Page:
Bleeding in hemorrhoids is often fresh red blood without pain. This is different from an acute anal fissure, which causes fresh bloody stools accompanied by intense pain because there is an injury in the anal canal skin, which is rich in pain receptor nerves (somatic nerves). The color of the blood in hemorrhoidal bleeding is fresh because the source of the blood is the arteriovenous shunt. Rectal bleeding in rectal carcinoma is often reddish, along with the mucus. Left colon carcinoma is often accompanied by small stools with blood on their surface, while bleeding in the right colon carcinoma is often brown in color with diarrhea. A positive occult blood test should be considered more proximal to the source of bleeding, so a colonoscopy is recommended to detect the source of bleeding [1]. The prolapsed mucosa will secrete mucus which can irritate the anal skin, causing itching. In large hemorrhoids, the patient may feel incomplete defecation or feeling of fullness in the rectum. Pain in hemorrhoids only occurs when a thrombus occurs, especially in the blood vessels under the skin or at grade IV, which is constricted by a strong anal sphincter, causing strangulation [3].

5.3 Physical examination

With the patient in the lithotomy or Sim's position, laying on the left side with maximum flexion in the hip and knee joints, inspections are carried out in the perineal and anal areas to detect possible skin tags, external hemorrhoids, skin inflammation due to irritation by mucus and feces, the presence of fissures or anal fistula. (Figure 3). When the prolapsed anal cushion is visible, it is necessary to identify the position and number of the main lumps, the presence or absence of the prolapsed anal canal skin, and the presence of thrombus or ulceration [3].

Figure 3.

In Sim’s position, spreading the anus by the left and right finger and asking the patient to strain, two nodules can be seen at 03.00, and 07.00 o’clock, in this case, anal fissure can also be seen at 06.00 o;clock (black arrow). (Personal collection).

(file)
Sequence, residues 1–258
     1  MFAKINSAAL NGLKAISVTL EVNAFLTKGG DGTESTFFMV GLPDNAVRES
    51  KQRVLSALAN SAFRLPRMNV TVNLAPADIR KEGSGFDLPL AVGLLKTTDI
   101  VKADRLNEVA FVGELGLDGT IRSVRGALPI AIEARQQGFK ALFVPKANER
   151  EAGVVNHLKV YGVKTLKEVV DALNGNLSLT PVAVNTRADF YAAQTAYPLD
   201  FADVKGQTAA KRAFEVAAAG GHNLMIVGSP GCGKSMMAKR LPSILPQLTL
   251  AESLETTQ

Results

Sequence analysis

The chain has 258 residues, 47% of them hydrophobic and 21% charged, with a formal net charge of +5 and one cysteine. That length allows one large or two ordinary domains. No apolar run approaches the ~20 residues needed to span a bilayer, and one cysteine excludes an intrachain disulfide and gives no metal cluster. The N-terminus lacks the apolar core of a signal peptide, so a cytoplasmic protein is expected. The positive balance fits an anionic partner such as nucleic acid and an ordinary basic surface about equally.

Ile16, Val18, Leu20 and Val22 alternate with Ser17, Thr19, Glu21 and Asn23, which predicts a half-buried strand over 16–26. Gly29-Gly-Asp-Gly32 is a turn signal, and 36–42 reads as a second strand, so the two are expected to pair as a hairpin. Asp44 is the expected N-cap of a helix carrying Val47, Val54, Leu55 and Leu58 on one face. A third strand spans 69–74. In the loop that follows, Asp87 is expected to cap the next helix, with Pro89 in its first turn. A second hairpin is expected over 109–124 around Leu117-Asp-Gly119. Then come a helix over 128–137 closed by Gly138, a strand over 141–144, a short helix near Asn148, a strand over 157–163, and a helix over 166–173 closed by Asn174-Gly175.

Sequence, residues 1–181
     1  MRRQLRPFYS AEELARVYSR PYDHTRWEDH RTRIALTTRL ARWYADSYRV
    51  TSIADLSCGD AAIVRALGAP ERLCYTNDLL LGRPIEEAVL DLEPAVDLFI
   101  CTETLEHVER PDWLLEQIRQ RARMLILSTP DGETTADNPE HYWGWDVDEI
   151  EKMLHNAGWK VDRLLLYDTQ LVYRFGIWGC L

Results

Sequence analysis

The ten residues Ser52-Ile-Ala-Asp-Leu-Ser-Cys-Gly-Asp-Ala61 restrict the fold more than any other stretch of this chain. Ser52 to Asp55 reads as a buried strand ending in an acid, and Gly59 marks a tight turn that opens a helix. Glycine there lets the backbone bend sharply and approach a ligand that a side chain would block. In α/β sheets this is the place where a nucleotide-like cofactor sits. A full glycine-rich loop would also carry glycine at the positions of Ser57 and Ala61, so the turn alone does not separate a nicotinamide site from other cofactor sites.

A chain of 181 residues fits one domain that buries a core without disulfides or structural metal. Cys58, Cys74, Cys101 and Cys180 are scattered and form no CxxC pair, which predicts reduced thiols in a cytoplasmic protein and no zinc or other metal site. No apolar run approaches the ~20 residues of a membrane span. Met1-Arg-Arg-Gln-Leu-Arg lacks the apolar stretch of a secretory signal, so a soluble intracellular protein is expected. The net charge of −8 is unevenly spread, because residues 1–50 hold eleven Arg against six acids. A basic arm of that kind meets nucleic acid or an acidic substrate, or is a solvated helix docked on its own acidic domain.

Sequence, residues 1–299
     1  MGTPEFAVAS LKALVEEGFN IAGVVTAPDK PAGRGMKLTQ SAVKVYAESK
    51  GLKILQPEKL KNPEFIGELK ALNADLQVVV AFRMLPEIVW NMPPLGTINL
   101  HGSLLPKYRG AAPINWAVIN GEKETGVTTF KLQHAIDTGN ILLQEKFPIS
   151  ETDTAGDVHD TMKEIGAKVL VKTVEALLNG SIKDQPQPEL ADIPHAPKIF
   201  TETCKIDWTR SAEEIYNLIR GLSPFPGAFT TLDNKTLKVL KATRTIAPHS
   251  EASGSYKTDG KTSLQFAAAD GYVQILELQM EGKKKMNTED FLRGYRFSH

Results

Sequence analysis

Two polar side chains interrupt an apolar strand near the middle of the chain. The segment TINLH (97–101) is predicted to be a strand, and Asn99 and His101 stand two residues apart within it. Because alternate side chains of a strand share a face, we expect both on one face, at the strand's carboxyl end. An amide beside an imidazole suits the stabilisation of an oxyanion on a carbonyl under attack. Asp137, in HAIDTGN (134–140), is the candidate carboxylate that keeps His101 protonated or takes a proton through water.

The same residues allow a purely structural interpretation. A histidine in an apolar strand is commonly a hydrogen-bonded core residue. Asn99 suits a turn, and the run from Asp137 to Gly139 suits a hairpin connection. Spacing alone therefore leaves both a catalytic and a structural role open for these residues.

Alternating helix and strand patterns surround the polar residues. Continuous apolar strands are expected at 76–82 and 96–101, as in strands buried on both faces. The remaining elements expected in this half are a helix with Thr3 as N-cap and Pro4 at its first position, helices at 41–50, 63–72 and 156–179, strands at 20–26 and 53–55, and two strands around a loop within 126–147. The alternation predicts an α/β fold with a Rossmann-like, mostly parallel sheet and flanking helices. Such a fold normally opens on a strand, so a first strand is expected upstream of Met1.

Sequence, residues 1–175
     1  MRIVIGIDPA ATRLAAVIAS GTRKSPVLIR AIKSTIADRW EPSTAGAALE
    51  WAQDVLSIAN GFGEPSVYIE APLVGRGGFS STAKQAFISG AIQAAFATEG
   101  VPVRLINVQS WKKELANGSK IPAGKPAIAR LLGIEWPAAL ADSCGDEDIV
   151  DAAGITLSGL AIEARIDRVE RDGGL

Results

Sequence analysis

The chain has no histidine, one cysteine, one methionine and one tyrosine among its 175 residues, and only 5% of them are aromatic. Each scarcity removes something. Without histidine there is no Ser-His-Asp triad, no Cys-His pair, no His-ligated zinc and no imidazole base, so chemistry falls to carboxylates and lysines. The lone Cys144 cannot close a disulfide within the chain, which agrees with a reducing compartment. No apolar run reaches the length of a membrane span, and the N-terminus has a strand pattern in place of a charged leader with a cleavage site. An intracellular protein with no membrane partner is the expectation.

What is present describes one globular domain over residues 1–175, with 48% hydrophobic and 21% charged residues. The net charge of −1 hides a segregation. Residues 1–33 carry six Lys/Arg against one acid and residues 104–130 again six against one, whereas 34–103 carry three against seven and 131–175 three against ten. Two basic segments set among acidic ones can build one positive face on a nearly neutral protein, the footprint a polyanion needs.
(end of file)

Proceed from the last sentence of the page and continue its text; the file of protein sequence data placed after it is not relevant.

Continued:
Keep in mind that, other than hemorrhoids, other prolapses are rectal prolapse and rectal polyps. In a prolapsed rectal polyp, it will appear as a round lump covered with mucosa and have a stalk (Figure 4a and b). The rectal prolapse is concentric or circular in shape (not lumpy or no radial indentation), not followed by prolapse of the anal skin, and the finger can enter between the prolapse and the anal canal wall [9]. If during the initial examination there is no prolapsed lump, the patient is asked to strain so that prolapse can occur, or more effectively, the patient is asked to squat and be asked to push into the toilet. In addition to the prolapse examination as mentioned above, wait a while to observe the ability of the prolapsing anal cushion to spontaneously disappear, due to self repositioning, or must be pushed with your fingers [8].

Figure 4.

a. Prolapse of rectal polyps, b. the polyps stalk can be seen after retracted outside. (Personal collection).

Anal melanoma can affect the anal canal and distal rectum, and the majority of tumors are located within 6 cm proximal to the anal verge. There are two types, melanotic, which consists 70% of cases and amelanotic 30%. Amelanotic melanoma is mostly located in the mucosa. Anal melanoma is a rare anal neoplasm. It accounts for approximately 1–4% of anal neoplasms and is female predominant. The signs are an anal lump, pain, and bleeding [10].

Melanotic anal melanoma can be confused with hemorrhoids with thrombosis, as both cause black discoloration. Hemorrhoid thrombus is usually more painful, and the pain will subside after day 3 due to the shrinkage of the lump. This phenomenon is not found in melanotic anal melanoma. The presence of a satellite nodule is also specific to melanoma (Figure 5a). The diagnosis is based on the histological picture of the biopsy specimen. A CT scan is needed to confirm the degree of infiltration, lymph node involvement, and distant metastasis. In Figure 5b, the tumor has already infiltrated the anal sphincter. The abdominal perineal ano-recto-sigmoidectomy (Mile’s procedure) with permanent sigmoidostomy is the surgery of choice [1, 10].

Figure 5.

Anal melanoma, melanotic type. a. with satellite nodule (arrow), b. infiltration to anal sphincter on CT scan (Personal collection).